When New Belgium Brewing and Ben & Jerry’s recently announced their collaboration on an ice cream-flavored beer, the collective tsking mother that is the Internet reacted…poorly. I, on the other hand, reacted pour-ly. As in, I instantly craved beer poured over ice cream.
Beer and ice cream is a natural pairing. The creamy sweetness of ice cream with a properly matched coffee stout or chocolate porter? Duh. But a beer float or a beer milkshake can go from sublime to subprime fairly quickly. Here are the dos and don’ts of the frosty-beer-dessert world.
DON’T pick a beer that will compete with the ice cream. A hoppy IPA will body-slam the ice cream into submission. DO pick a beer that complements the ice cream. Something with fresh-roasted coffee notes or cocoa nibs added will really set off the ice cream and make for a satisfying experience.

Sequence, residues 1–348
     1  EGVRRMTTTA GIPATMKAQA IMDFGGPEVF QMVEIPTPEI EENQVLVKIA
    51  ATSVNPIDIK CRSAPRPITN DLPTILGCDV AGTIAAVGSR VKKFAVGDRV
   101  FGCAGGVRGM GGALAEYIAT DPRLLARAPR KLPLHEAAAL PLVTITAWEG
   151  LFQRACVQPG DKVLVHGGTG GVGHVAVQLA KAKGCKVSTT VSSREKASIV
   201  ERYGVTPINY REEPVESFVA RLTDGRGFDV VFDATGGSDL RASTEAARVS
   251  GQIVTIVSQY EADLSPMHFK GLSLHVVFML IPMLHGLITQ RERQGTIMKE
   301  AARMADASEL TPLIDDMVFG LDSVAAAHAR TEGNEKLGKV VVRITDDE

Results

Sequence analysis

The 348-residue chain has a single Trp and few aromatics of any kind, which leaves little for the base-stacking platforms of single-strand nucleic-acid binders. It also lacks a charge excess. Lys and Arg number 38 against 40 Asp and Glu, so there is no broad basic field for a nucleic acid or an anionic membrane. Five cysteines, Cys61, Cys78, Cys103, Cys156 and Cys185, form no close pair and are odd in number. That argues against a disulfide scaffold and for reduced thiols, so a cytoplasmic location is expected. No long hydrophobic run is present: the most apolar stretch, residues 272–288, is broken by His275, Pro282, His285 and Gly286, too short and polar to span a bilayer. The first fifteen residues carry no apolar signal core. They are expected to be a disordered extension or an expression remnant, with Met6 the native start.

DON’T use a high-end, complex beer in your milkshake or float. Stouts are great for beer smoothies, but using a stout like Deschutes’ The Abyss would be a tragedy. Save your rare, pricey bottles for special-occasion slow sipping with friends. DO select a great table beer for your frosty treat. The idea is to get a beer that’s palatable enough to drink on its own, but won’t feel like a waste if you pair it with ice cream.
DO use vanilla ice cream. You will be tempted to use salted caramel gelato or black cherry sorbet. DON’T do this. Trust.
Beer experts, I’m sure you already have a good idea of what brew you’ll be blendering into a stout shake. But for the neophytes, DO use any of the following beers to make a banging summer cooler: Stone’s Master of Disguise Imperial Golden Stout (tasting notes: coffee, cream, white chocolate), Smog City’s Coffee Porter (dark-roast coffee, dark chocolate), Maui Brewing Company’s CoCoNut Porter (toasted coconut, vanilla), or Left Hand’s Milk Stout (roasted malt and sweet cream). And DON’T forget the whipped cream.